Historical Changes in Global Extreme Precipitation in Climate Models and Observations
Wednesday, 17 December 2014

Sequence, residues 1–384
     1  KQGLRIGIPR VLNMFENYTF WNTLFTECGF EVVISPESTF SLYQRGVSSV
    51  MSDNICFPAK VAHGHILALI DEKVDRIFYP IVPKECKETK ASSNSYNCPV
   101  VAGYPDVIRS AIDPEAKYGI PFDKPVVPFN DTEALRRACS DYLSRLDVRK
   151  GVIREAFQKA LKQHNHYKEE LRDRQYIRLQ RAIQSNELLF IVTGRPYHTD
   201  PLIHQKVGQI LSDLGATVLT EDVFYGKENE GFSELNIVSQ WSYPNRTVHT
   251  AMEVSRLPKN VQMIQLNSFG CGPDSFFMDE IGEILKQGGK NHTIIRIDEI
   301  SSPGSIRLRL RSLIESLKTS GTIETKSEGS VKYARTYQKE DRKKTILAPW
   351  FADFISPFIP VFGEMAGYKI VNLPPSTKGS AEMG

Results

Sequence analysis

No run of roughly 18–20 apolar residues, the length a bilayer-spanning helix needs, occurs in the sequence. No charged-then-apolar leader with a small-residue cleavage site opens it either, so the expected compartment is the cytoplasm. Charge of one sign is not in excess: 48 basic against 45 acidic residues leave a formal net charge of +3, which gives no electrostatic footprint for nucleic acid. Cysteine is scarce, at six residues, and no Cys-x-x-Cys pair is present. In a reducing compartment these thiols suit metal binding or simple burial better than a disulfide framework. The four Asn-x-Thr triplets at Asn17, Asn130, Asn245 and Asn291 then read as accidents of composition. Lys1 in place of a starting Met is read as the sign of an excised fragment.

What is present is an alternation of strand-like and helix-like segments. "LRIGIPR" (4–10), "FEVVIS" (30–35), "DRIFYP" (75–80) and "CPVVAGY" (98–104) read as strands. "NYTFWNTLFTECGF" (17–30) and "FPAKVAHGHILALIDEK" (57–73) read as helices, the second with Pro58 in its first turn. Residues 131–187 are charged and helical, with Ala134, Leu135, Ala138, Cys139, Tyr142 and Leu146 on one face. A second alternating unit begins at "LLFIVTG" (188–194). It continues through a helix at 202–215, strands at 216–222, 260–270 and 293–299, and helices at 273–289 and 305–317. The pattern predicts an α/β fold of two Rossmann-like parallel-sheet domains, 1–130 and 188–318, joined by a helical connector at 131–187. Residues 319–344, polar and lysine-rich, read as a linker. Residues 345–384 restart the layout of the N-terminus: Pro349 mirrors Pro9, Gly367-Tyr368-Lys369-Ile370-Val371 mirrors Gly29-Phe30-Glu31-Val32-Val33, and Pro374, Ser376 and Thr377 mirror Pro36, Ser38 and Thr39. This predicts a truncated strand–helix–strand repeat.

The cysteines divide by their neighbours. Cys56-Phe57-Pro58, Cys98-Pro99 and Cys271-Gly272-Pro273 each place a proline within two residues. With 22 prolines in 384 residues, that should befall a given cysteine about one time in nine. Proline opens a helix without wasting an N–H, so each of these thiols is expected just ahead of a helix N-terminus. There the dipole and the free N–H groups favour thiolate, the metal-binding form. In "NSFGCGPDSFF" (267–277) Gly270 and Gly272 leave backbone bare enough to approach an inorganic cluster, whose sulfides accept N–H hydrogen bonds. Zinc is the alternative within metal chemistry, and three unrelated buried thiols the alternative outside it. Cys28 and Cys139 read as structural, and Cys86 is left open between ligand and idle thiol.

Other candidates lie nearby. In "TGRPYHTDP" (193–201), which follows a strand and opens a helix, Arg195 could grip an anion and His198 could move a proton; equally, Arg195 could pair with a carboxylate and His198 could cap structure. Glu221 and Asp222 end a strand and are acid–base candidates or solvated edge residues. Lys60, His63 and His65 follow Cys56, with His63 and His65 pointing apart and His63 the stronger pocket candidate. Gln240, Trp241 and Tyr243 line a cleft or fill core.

Precipitation events are expected to become substantially more intense under global warming, but few global comparisons of observations and climate model simulations are available to constrain predictions of future changes in precipitation extremes. We present a systematic comparison of changes in historical annual-maximum daily precipitation between station observations (archived in HadEX2) and the suite of global climate models contributing to the fifth phase of the Coupled Model Inter-comparison Project (CMIP5), from 1901 to 2010 in global scale. We use both parametric and non-parametric tests to quantify the strength of trends in extreme precipitation in observations and models, taking care to spatial and temporal sample them both in comparable ways. We find that both observations and models show generally increasing trends in extreme precipitation since 1901 with larger changes in tropical zones, although annual-maximum daily precipitation has increased faster in the observations than in most of the CMIP5 models. Global average of observational annual-maximum daily precipitation has increased by approximately 10% per degree kelvin of global warming since 1901 which is larger than the average of climate models with 8.3%/K. The rate of increase in extreme precipitation per kelvin of warming in both models and observations are higher than the rate of increase in atmospheric water vapor content per kelvin of warming expected from the Clausius-Clapeyron equation.